The share of US dollars in global reserves slips in Q3 -IMF data

NEW YORK (Reuters) – The share of US dollars in foreign exchange reserves reported to the International Monetary Fund fell to 60.4% in the third quarter, from 61.2% in the second, IMF data showed on Thursday.

FILE PHOTOS: Banknotes in US dollars can be seen in this illustration of pictures on November 7, 2016. REUTERS / Dado Ruvić / Illustration / File Photo

However, the dollar is still the largest currency held by global central banks.

A year earlier, the dollar accounted for 61.5% of total reserves. Its share fell two consecutive quarters.

Global reserves are central bank assets held in various currencies and used primarily to support their liabilities. Central banks sometimes use reserves to help support their currencies.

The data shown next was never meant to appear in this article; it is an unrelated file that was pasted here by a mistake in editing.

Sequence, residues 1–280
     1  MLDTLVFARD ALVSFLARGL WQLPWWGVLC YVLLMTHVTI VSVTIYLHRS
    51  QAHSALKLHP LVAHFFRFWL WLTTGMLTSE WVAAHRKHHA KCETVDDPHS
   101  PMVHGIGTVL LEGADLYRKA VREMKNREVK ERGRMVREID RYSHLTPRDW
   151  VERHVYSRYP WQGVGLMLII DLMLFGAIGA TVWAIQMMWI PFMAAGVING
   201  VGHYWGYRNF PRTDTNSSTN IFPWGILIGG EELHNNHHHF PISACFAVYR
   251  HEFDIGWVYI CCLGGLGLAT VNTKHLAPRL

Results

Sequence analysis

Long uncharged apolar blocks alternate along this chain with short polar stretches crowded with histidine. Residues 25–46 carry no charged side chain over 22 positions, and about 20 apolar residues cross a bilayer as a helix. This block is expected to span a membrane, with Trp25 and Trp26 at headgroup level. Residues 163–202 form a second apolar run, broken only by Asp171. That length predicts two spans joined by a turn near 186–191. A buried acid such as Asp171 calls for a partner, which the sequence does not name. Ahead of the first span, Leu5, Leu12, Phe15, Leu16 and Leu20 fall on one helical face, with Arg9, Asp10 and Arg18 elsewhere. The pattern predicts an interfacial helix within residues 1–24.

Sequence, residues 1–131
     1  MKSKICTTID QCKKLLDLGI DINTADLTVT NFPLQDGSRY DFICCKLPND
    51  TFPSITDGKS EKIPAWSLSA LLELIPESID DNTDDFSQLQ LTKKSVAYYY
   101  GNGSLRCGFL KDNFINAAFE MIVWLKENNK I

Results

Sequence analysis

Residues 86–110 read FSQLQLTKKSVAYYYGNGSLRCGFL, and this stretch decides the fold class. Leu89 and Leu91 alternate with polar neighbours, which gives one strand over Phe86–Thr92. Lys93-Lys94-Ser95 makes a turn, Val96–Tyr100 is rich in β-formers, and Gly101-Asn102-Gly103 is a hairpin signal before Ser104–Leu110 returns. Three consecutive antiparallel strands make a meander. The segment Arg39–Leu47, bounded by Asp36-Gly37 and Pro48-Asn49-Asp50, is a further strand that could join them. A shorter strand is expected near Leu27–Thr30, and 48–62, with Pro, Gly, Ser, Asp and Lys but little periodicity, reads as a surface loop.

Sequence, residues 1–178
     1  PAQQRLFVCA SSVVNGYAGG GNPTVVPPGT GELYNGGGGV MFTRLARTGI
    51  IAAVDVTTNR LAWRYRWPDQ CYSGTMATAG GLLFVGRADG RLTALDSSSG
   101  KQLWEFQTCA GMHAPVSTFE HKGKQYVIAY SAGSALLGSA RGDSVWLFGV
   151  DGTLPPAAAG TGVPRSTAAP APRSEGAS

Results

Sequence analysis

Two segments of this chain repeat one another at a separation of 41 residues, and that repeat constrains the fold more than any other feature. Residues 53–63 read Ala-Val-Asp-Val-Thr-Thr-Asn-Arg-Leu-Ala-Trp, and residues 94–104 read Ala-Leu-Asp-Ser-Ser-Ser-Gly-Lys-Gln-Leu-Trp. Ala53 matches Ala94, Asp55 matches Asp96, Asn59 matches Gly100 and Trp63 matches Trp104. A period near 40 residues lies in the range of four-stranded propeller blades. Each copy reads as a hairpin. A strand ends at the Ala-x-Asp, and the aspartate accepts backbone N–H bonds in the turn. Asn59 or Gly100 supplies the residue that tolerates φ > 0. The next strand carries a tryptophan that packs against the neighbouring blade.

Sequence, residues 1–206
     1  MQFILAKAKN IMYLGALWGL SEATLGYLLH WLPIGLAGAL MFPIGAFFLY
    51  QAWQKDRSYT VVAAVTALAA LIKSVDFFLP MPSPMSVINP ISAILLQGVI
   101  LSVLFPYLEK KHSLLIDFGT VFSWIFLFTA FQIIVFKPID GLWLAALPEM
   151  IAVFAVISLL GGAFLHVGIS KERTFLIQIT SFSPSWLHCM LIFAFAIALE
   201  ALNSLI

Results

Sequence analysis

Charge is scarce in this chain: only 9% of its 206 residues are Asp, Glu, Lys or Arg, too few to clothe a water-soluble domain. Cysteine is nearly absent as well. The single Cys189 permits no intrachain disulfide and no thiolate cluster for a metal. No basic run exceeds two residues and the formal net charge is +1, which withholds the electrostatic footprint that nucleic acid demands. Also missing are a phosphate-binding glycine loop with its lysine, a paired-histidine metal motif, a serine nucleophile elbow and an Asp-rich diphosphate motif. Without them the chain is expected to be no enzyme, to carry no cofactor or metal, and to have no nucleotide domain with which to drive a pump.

IMF data also show that global reserves rose to a record $ 12.254 trillion in the third quarter, from $ 12.012 trillion in the second quarter.

Reserves in US dollars amounted to 6.937 trillion dollars, or 60.4% of allocated reserves in the third quarter. In the second quarter, dollar reserves amounted to $ 6.899 trillion, with a share of 61.2%.

Some analysts question whether the dollar could give up dominance as a reserve currency given the declining geopolitical power of the United States, the huge debt burden, and the emergence of alternative currencies.

“It’s true that the dollar will one day lose its status, as was the case with every global reserve currency before it, but the chances of that happening in our lives are extremely slim,” said David Rosenberg, chief economist and strategist at Rosenberg Research. , in his latest research note.

“The depth of dollar dominance is enormous and shows no immediate signs of drying up, even after COVID-19,” he added.

So far this year, the dollar has fallen 6.4%, its worst annual performance since 2017.

Rosenberg believes the dollar is currently in a cyclical bear market, not in a fit of collapse.

The share of the euro in global reserves was stable at 20.5% in the third quarter, compared with 20.1% in the second, according to IMF data. At its peak in 2009, the euro’s share of global reserves was 28 percent.

Report by Gertrude Chavez-Dreyfuss; Edited by Dan Grebler